Cirencester Parking

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Cirencester Parking

Cirencester parking in Gloucestershire is getting harder by the day. There seem to be more yellow lines, extra traffic wardens, a reduced amount of free car parking and even superstores are now charging for you to park and shop with them...where will it all end?

With a bit of luck we can assist you with your parking in Cirencester. If you have received a parking ticket or fine whilst parking in Cirencester, then we are here to make your life a bit easier.

At the outset there are two different types of parking ticket which are a Penalty Charge Notice or a Parking Charge Notice. It is essential for your wallet that you are clear about which notice you have received. If the ticket is a legitimate notice from Cirencester council or Cirencester police then you've been issued a PENALTY CHARGE NOTICE (PCN). Only the Police and the Council are allowed to issue PCN's and it means that you are being fined for parking illegally on civic land. Such an offence is backed up by criminal law and you can be fined or end up in court for non-payment of the fines.

If you have received a Penalty Charge Notice issued by a council or police force then you ought to refer to the Cirencester council or Cirencester police for counsel on what to do after that. Cirencester council will have detailed directives on their website outlining how long you have got to pay the fine, how to pay the fine and the penalties involved if you fail to pay within the time limit.

Ordinarily they grant a discount (how nice of them) if you pay within a certain time frame.

The PCN should in addition contain plain detail of what parking violation you are accused of committing and include any indication, such as a photograph, which is being relied upon to show you committed the offence. Crucially, the Penalty Charge Notice must also contain clear instructions of what to do if you want to dispute the fine, along with details of the appeals method and the timescales involved.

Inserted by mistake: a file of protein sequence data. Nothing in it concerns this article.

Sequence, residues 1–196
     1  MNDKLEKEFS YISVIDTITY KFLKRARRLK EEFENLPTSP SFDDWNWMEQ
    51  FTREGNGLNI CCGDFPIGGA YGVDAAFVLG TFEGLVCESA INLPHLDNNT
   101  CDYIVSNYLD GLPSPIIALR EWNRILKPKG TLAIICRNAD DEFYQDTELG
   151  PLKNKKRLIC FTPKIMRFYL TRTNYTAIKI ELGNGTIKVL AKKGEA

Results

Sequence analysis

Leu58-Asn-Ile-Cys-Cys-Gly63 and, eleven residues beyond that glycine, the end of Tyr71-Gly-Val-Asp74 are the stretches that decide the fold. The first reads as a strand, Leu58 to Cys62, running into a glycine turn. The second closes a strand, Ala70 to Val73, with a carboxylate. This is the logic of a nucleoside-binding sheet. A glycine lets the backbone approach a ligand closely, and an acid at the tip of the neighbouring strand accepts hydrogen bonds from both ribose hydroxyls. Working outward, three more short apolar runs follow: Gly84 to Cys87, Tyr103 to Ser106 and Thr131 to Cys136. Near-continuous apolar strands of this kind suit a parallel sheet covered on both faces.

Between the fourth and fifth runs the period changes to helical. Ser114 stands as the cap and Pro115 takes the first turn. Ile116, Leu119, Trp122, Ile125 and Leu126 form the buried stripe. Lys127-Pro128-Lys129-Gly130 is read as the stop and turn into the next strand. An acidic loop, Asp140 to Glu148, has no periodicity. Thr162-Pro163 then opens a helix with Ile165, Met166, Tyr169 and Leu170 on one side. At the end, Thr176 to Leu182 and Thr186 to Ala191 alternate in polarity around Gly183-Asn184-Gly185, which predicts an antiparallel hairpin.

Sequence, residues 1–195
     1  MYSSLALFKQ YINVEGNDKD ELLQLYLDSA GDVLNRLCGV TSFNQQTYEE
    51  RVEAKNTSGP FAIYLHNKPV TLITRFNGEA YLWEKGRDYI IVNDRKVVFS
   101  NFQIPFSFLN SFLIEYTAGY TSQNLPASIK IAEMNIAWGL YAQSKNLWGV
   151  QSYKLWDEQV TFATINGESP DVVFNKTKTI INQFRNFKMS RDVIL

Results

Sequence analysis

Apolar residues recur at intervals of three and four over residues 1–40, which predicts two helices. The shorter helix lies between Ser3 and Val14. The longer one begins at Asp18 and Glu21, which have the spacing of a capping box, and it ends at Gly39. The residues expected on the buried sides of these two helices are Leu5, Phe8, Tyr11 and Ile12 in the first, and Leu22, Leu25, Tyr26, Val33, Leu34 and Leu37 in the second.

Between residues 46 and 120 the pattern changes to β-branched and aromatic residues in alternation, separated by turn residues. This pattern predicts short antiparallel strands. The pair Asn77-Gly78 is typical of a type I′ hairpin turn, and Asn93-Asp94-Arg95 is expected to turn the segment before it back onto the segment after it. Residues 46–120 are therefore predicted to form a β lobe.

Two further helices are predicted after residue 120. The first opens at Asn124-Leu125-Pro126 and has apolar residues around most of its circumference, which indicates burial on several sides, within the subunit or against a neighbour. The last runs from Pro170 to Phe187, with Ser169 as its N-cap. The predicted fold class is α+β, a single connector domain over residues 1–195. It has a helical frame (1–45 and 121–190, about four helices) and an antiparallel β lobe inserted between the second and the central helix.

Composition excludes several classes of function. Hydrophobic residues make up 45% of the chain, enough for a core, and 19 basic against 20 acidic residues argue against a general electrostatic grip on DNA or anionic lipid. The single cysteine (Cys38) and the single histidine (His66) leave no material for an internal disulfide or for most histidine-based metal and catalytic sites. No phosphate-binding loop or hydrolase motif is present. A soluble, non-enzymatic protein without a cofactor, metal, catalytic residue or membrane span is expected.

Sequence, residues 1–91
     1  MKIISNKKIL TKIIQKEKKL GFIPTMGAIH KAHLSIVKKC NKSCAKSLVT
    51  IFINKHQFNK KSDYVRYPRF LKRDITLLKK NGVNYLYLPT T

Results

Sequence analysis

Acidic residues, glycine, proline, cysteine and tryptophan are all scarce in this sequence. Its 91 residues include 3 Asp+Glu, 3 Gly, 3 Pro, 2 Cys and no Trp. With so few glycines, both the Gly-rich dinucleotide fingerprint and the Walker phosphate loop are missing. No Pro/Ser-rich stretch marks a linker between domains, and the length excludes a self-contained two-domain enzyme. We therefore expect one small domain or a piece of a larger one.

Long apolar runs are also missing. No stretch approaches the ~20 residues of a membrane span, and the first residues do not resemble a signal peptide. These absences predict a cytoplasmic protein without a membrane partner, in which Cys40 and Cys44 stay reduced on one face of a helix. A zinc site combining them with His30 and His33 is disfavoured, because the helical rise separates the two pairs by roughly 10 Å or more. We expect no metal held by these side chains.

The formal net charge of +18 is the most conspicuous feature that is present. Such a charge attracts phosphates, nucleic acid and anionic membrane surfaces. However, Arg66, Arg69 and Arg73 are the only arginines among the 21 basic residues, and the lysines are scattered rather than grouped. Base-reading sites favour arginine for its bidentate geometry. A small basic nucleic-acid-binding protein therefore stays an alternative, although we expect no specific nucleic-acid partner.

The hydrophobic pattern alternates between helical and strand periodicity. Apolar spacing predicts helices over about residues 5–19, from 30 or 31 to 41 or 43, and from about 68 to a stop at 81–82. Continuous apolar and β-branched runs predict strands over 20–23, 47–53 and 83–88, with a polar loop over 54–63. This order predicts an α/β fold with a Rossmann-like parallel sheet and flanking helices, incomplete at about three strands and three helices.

If you are in any doubt as to what to do when you pick up a penalty charge notice, it is always a good idea to get separate counsel from the Cirencester Citizen's Advice Bureau, or a Cirencester lawyer. The Law Society can provide details of a Cirencester solicitor.

If you have received a Parking Charge Notice then you have received this from a private parking business. A private parking business is an organisation which has entered into a union with a landlord to enforce any parking restrictions he or she chooses to place on their terrain.

A landowner typically supermarkets, hospitals, retail shopping centres - creates a car park or uses the existing one - they will set out restrictions usually in a notice displayed on the land which you agree to abide by when you park on that property. By choosing to park on the land it may be implied that you agree to these conditions, especially if the notice is clear and prominently displayed and you are hence entering into a contract with the business running the car park.

More often than not, such restrictions will involve a set time limit, a requirement to pay and display or a no-return policy. The T&C's of the car park should be displayed visibly and concisely on signs as you enter the car park and at additional points across the location, along with information about parking fees and any subsequent charges which could be incurred for failing to comply. If you be given a parking charge notice you ought to check that these terms are correctly displayed at the car park in question. If you discover they are not, you may want to write to the company to appeal the charge.